In many ways the Liberal Democrat conference felt more at peace with itself last week. It was not just that it was rediscovering its mission-talking seriously about enhancing liberty through redistribution of assets -Land tax and employee ownership- but rather that it was doing these things in the context of asserting its identity with far more confidence that it has in recent times. One thing was missing-the rest of the world! I can't ever remember a time when Liberal have believed that the international dimension was not central to our thinking and policy making. This detachment from the international dimension was heightened by Clegg's decision to withdraw Lib Dem Ministers from the Foreign Office and the Ministry of Defense.
The list of issues that have defined us over the decades from Gladstone to the present day- the Concert of Europe via the League of Nations the UN and the EU- Liberals have always recognised the interdependence of the world and the allusion of national sovereignty. They have recognised that if there are no rules/law between nations the chance of war and disruption increases. Liberals have understood that liberty-the singe value we hold dearest -requires that the international 'space' is not lawless.
Today there is no major challenge which confronts us which can be solved by a nation state acting alone.
Not tackling crime, not increasing jobs, not providing good health, not creating a clean environment, not solving our economic crisis, not providing our young with the skills to prosper in modern markets, not defence, not even constructing a system of effective law for the benefit of our citizens.
Out it another way. There is now almost no area of domestic policy which does not have an international element.
So why has Britain’s only truly internationalist party, at a time when we need more distinctiveness, not saying more about internationalism?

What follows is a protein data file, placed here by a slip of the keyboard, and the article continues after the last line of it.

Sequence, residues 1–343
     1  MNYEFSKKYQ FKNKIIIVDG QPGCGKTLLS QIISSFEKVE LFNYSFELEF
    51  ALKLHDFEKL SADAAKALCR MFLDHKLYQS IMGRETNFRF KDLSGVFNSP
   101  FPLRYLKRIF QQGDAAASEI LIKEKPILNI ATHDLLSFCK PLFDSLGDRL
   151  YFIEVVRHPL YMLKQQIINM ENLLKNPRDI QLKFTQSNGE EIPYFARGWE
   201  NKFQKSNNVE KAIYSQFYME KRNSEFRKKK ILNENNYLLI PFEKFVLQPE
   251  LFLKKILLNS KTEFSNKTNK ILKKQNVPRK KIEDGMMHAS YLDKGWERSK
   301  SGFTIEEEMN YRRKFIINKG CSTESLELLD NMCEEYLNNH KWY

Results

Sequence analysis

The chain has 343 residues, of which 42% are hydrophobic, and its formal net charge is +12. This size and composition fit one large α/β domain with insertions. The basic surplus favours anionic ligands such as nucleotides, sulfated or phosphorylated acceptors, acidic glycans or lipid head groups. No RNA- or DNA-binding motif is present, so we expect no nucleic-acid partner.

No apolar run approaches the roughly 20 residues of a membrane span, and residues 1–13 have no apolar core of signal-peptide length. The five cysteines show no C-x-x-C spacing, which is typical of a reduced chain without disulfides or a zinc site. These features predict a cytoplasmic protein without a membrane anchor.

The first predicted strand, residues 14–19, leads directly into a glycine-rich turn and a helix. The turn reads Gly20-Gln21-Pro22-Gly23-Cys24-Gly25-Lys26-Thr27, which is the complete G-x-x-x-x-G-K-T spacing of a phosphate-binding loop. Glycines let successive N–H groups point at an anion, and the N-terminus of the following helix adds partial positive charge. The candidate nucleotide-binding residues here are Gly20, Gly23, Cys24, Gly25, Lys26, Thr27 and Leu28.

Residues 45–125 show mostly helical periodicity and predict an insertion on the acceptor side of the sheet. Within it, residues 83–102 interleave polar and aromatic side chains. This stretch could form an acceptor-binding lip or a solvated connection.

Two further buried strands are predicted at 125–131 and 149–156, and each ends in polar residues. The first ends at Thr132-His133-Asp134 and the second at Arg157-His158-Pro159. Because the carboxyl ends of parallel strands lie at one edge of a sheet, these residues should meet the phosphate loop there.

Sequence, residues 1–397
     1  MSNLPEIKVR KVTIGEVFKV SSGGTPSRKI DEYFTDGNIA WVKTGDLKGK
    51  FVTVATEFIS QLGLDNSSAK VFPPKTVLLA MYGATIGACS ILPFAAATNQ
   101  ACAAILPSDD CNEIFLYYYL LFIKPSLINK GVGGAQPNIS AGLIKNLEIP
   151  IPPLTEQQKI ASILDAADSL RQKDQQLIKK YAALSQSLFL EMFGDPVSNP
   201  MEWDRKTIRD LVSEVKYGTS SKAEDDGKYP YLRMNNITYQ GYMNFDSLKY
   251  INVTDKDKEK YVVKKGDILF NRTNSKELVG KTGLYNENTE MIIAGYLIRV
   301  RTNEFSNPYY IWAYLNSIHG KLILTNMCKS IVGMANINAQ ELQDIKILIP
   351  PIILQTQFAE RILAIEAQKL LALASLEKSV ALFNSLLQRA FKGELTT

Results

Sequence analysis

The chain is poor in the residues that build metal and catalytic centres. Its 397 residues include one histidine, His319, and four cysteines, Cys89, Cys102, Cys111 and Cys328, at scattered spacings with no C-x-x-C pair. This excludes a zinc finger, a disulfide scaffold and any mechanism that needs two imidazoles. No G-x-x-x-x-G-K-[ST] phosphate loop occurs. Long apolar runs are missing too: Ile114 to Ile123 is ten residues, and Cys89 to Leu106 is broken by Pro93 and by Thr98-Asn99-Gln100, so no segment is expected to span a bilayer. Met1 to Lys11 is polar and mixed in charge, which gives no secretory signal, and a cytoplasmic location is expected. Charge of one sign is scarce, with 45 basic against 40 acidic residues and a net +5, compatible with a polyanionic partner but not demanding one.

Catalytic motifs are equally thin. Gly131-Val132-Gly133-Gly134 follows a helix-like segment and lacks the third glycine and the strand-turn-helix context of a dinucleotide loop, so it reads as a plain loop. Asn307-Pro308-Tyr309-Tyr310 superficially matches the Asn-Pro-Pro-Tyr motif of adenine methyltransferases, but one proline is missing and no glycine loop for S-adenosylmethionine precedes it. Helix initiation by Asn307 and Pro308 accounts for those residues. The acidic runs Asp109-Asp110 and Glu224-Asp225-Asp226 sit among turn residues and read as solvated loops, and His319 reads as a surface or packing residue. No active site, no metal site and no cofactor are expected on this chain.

I have no hesitation in acknowledging that Paddy's speech brilliantly laid out the challenge that faces us and more than proved his case that the interconnectedness of the modern world requires more internationalism not a futile retreat into nation state. All of which brings us to Edward Lear's ditty on the Akond of Swat
Who, or why, or which, or what,
Is the Akond of SWAT?
Is he tall or short, or dark or fair?
The Akond of Swat?
Well no-one today would ask “who or why or which or what – is (or was) Osama bin Laden”.
You see, the Akond of Swat was connected to no-one. He was just an anti-British Afghan – that’s all. But Osama bin Laden matters very much because he is directly connected to that terraced house in Bolton, planning a bomb attack on London’s underground.
Everything is connected to everything
By the way – historical note. The Akond’s son was called the Walli of Swat. He ended up going to Eton and developing a life-long passion for Brown Windsor soup. Well, you couldn’t imagine that happening to the junior Mullah Omar’s offspring could you?
So far so uncontentious. How does that analysis impact on our policy?
So what should Britain’s role be in all this?
As a medium sized mercantile power it is directly and powerfully in our interest to be as actively engaged as we can in the construction of institutions capable of creating governance in the global space, both multilateral and treaty based.
Our last Foreign Secretary, David Milliband used to talk of a “rule based world order”. Britain should be out front and active in helping to create this, from systems powerful enough to prevent instability in the financial sector, to a more effective means of intervening in the domestic jurisdictions of states who threaten the wider peace, to a better mechanism for responding to humanitarian tragedies, to the creation of an effective system of international justice.
This is exactly the policy I proposed to Tony Blair after the Kosovo war. Unhappily he chose to continue with the old delusion that Britain’s interests were instead better pursued by playing junior super power to our friends on the other side of the Atlantic.
In a world where the threats to us are mostly international in nature, Britain’s interests will, now more than ever, be best served by being actively internationalist.
I guess the one message that many will have taken away from the speech was the no nonsense assertion that the European Institutions are not fit purpose and that there can be no delay in their reform especially as the likelihood of an 'in/out referendum' requires us to actively prepare to defend our membership. Like Paddy I believe that the referendum can be won but to achieve that result we cannot shy away from the need to democratise the institutions and connect the people to the system of governance. Failure to do so will cast us adrift from the alliance that is most important to our national interest
I remember the last European referendum. Many of us were disappointed by the campaign because in concentrated on a narrow view of the economic advantage of membership rather than engaging with wider political questions that Paddy raised in this speech. I hope we don't make the same mistake in 2015. (Memo to Liberal Youth -we had a very good slogan 'Withdrawal doesn't work'. I'm sure Edward Lear could have turned that into memorable poem)